Hunters stop a modern-day Bonnie and Clyde

When the pair struck out cross country, they ended up in this canyon, going to ground near this windmill.

Things get “Western” when pheasant hunters stop a modern-day Bonnie and Clyde in eastern Oregon.

Out of the sagebrush steps a woman. Screaming. Shrieking. It is December, and she’s dressed in blue jeans and a short sleeve blue and white top. Then her boyfriend stands up. He too is clad in summer clothes — baggy blue jeans and a short-sleeve shirt with Los Angeles emblazoned in bold letters.

Their arms are raised, palms faced toward their captors. They are ready to surrender.

Then they see the dogs and hunter orange, and the shotguns, and realize they’ve stepped right in the middle of a pheasant hunt. They look at each other, join hands and walk away, over the crest of the hill.

They are looking for another car to steal — and another gun.

Built from a kit in the early 1900s, this two-story house still stands on the Carlson ranch.

Bad Actor

Most days, Madras is a sleepy little burg in central Oregon. Farms and small ranches bound it on three sides, while a river canyon defines another margin. There’s a regional airport nearby, and an Indian Reservation called Warm Springs, where three tribes make their homes: the Warm Springs, the Wasco and Northern Paiute. A major highway runs through the center of town, with northbound lanes and southbound lanes separated by a city block, the traffic controlled with stoplights.

August 2017, the justice system finishes with another miscreant. Daniel Faustino Arce has paid his debt to society, and he takes the bus ride home to Warm Springs, a place he sometimes calls the Rez. It’s where he grew up and where his family came from. It’s not long before Arce is back on meth with a girlfriend and a .40-caliber Springfield XD tucked in his waistband.

By December, Arce’s life is spiraling out of control again. The SWAT team catches up with him in Madras after reports he’s shot at three different people. The cordon tightens around him and the girl, but somehow, they slip away and the Feds can only guess where they’ve gone.

Phil Carlson (center) with a pair of pheasants taken on an early spring hunt.

It’s Hard, Man

It’s not easy to get to Hardman. It doesn’t show up on most maps of the state of Oregon. The ghosts outnumber the living in this collection of weathered homes and abandoned vehicles. It’s a proud place that grew upon the land, important in its time, and still important to the people who make their living on the surrounding farms and ranches.

One such resident is Phil Carlson, who, 30 years ago, when the bottom fell out of the price of beef and the price of dry land wheat, looked to sportsmen — bird hunters — to create his new business model. He built a lodge, constructed a clubhouse, bought bird dogs and began to offer hunts for chukar and pheasant on the land that had been in his family for generations. Ask Carlson what it takes to run a family bird-hunting business and he’ll tell you, “It’s hard, man.”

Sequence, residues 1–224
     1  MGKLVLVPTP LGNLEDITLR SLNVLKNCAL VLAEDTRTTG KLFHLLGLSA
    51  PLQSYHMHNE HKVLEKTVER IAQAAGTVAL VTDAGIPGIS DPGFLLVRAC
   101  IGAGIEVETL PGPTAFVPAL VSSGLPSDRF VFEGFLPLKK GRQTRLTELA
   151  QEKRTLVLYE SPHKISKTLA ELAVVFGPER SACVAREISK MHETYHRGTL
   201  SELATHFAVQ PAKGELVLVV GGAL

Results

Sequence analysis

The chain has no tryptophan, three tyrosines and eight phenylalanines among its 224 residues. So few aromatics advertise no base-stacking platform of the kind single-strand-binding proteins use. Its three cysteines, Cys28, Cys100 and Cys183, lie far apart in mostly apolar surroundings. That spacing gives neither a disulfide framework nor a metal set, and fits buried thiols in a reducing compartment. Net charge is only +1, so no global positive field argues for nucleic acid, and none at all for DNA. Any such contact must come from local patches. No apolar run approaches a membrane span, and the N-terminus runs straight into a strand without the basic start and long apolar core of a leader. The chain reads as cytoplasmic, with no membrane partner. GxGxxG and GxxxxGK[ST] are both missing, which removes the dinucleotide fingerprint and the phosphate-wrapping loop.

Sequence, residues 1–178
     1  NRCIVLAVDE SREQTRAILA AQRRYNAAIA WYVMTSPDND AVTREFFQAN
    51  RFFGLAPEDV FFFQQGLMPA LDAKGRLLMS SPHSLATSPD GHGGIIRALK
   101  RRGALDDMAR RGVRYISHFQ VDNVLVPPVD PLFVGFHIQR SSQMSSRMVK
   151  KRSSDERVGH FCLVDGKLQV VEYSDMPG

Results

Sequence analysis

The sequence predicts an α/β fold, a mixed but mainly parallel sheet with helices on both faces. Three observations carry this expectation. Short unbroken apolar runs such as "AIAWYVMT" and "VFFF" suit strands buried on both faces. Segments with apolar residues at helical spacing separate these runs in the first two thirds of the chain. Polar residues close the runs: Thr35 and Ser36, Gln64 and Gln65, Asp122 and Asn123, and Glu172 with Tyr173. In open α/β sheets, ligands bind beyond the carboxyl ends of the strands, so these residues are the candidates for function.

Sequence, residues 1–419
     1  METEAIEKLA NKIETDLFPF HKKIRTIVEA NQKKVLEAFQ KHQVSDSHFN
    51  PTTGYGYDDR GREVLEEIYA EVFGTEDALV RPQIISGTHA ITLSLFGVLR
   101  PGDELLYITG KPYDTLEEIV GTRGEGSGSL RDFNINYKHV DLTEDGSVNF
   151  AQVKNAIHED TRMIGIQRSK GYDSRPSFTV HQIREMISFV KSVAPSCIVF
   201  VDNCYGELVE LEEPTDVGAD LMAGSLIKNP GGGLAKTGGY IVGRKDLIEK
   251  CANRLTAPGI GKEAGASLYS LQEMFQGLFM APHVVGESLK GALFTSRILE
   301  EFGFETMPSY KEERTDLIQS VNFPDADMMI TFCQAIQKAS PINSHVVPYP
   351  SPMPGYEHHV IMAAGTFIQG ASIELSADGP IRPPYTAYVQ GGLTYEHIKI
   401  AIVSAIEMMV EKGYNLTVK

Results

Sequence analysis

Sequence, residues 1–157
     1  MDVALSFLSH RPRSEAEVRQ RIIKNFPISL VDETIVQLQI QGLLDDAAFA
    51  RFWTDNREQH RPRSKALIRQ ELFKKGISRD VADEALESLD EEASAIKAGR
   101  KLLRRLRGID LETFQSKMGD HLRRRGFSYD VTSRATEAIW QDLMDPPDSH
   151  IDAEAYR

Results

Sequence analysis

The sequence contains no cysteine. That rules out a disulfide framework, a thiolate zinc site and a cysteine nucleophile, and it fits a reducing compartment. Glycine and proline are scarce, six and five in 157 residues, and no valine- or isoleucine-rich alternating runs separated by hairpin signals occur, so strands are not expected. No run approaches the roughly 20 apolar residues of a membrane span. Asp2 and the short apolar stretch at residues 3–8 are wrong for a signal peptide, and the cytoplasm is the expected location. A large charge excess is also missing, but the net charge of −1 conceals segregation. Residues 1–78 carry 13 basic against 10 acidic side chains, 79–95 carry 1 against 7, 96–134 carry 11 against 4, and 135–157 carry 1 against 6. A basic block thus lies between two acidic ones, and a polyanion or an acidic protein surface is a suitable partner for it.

Today, Carlson is in his early 60s, a man of the land, tall, tough and strong, the kind of man who sticks in eastern Oregon. He does business on a handshake and expects other men to treat him the same way.

December 17, 2017, Carlson guided four hunters from eastern Washington on their annual bird hunt at TREO Ranches. “It was getting toward the end of the hunt, we were almost back to where the truck was parked,” Carlson recalled.

The dogs, a German wirehair and a black Lab, cut back and forth. The wirehair tightened up and circled around the top of a rockslide and locked up hard, his nose pointing down into a clump of sage brush. His tongue hanging out, the Lab came up from below the birds, its tail flagging. Then two chukars took to the air, their wings a-blur.

Bang, bang, bang, bang, bang. Their guns swung. Boots shifted in shale and barrels scribed arcs. There. Feathers from that one, the birds going back to ground, the dogs moving in to make a retrieve or flush a wounded chukar.

This was the moment where the timeless trajectory of a chukar hunt intersected with the dangerous tangent of an ex-convict on meth, armed and dangerous.

“All of a sudden this woman stands up out of the sagebrush! She’s screaming like she had been shot and she has her hands up, walking toward us,” Carlson said. One of the hunters turned on Carlson. “What the … Phil! What are you doing? You bring us out here on a chukar hunt and now we shoot someone?!”